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Eating Disorders

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Eating Disorders

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Traumatic Brain Injury


What are eating disorders?

Eating disorders are expressed as significant changes in an individual’s eating behavior, and can severely dangerous and oftentimes fatal.


Types

-Anorexia Nervosa

Individuals suffering from anorexia nervosa have the highest mortality rate out of all mental disorders due to the person’s deep obsession with with their weight. Because of restricted eating many individuals with anorexia die from starvation.

-Symptoms may include:

-Extremely restricted eating

-Extreme thinness (emaciation)

-A relentless pursuit of thinness and unwillingness to maintain a normal or healthy weight

-Intense fear of gaining weight

-Distorted body image, a self-esteem that is heavily influenced by perceptions of body weight and shape, or a denial of the seriousness of low body weight


-Over time, other symptoms may includes:

-Thinning of the bones (osteopenia or osteoporosis)

-Mild anemia and muscle wasting and weakness

-Brittle hair and nails

-Dry and yellowish skin

-Growth of fine hair all over the body (lanugo)

-Severe constipation

-Low blood pressure, slowed breathing and pulse

-Damage to the structure and function of the heart

-Brain damage

-Multiorgan failure

-Drop in internal body temperature, causing a person to feel cold all the time

-Lethargy, sluggishness, or feeling tired all the time

-Infertility


-Bulimia Nervosa

A person with bulimia nervosa will have recurrent episodes of binge-eating, or eating large amounts of food, followed by vomiting, excessive exercise, or the use of laxatives. Binging and purging has both physical and emotional effects on an individual and may cause dehydration, acid reflux, low self-esteem, and isolation, heart failure, and may become fatal. Most people with bulimia nervosa maintain a normal weight, or are slightly overweight.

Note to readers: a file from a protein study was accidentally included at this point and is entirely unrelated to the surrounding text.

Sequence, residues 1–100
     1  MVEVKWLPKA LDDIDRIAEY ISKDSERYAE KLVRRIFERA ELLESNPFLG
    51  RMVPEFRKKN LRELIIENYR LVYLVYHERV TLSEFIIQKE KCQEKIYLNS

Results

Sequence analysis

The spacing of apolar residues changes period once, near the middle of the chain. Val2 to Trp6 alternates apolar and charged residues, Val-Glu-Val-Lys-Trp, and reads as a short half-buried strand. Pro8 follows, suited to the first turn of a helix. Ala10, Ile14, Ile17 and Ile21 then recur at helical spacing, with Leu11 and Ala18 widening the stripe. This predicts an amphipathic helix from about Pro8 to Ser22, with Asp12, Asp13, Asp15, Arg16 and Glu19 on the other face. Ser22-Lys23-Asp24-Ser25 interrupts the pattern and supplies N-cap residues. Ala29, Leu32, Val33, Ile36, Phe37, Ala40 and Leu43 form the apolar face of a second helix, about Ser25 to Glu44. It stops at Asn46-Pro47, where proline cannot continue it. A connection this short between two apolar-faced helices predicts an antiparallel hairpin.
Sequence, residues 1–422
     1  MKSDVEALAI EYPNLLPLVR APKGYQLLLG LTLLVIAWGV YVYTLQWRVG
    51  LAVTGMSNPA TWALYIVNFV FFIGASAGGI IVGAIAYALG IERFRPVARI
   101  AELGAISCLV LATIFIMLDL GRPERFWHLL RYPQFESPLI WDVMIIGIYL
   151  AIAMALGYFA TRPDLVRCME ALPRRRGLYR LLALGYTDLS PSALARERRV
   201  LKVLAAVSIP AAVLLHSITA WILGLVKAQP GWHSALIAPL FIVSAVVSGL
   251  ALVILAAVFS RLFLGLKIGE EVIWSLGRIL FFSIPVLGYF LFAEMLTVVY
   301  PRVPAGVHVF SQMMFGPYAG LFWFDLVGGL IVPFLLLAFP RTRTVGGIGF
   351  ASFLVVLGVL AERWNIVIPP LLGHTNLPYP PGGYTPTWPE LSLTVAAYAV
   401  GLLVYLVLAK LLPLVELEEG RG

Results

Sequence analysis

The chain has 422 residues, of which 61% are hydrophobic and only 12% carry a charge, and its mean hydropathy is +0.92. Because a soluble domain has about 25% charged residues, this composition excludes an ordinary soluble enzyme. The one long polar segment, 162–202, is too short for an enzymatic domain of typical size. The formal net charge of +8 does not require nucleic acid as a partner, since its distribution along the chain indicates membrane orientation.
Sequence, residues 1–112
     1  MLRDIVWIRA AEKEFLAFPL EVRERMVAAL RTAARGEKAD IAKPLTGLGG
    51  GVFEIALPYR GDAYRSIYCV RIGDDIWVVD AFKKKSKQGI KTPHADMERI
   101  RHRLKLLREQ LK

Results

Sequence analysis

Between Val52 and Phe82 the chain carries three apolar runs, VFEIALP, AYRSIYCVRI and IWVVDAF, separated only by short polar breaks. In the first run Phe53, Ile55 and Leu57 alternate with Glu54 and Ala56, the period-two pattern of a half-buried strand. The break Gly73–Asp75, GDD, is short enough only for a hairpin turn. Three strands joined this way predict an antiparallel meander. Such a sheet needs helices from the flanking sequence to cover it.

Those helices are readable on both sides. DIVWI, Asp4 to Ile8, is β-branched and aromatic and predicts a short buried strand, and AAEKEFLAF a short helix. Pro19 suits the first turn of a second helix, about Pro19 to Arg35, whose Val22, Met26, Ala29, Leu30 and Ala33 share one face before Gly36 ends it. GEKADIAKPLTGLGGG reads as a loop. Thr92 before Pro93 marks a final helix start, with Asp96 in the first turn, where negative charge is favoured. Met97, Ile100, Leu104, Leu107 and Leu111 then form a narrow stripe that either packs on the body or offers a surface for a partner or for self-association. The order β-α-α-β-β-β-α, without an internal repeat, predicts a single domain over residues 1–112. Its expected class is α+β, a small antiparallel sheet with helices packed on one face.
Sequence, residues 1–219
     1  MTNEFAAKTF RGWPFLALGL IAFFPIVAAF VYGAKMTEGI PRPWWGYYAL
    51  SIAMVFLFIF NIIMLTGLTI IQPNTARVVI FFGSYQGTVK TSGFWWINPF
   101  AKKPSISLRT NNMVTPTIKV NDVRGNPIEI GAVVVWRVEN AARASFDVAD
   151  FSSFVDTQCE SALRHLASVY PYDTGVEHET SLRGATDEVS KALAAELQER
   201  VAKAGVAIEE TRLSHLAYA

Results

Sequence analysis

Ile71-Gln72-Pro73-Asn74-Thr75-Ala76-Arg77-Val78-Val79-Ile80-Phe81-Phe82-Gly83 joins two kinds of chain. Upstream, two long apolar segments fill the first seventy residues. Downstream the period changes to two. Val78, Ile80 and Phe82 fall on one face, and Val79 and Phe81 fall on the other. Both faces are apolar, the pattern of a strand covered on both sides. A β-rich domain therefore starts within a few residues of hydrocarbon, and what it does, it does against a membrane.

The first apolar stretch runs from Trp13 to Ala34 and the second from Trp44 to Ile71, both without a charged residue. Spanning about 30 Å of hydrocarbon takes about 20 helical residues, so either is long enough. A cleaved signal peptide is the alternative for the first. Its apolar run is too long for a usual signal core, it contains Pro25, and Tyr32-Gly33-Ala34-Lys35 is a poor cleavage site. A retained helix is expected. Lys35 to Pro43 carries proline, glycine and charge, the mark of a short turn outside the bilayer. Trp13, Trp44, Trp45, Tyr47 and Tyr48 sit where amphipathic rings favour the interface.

-Symptoms may include:

-Chronically inflamed and sore throat

-Swollen salivary glands in the neck and jaw area

-Worn tooth enamel and increasingly sensitive and decaying teeth as a result of exposure to stomach acid

-Acid reflux disorder and other gastrointestinal problems

-Intestinal distress and irritation from laxative abuse

-Severe dehydration from purging of fluids

-Electrolyte imbalance (too low or too high levels of sodium, calcium, potassium and other minerals) which can lead to stroke or heart attack


-Binge-eating Disorders (BED)

BED is characterized by a loss of control over eating and erratic eating behavior. Someone with BED may eat a large amount of food in a short amount of time, or eat even when not hungry. Like bulimia nervosa, people with BED are usually normal weight or slightly overweight.

-Symptoms may include:

-Eating unusually large amounts of food in a specific amount of time

-Eating even when you're full or not hungry

-Eating fast during binge episodes

-Eating until you're uncomfortably full

-Eating alone or in secret to avoid embarrassment

-Feeling distressed, ashamed, or guilty about your eating

-Frequently dieting, possibly without weight loss


Types

-Psychotherapy
-Medication
-Nutritional Counseling and Weight Monitoring

Where To Begin

Making an appointment with a mental health provider
Talking to your Doctor
Support Groups

All information taken from:

NIMH - U.S. Department of Health and Human Services, National Institutes of Health, National Institute of Mental Health. (2015). Depression (NIH Publication No. 15-3561). Bethesda, MD: U.S. Government Printing Office.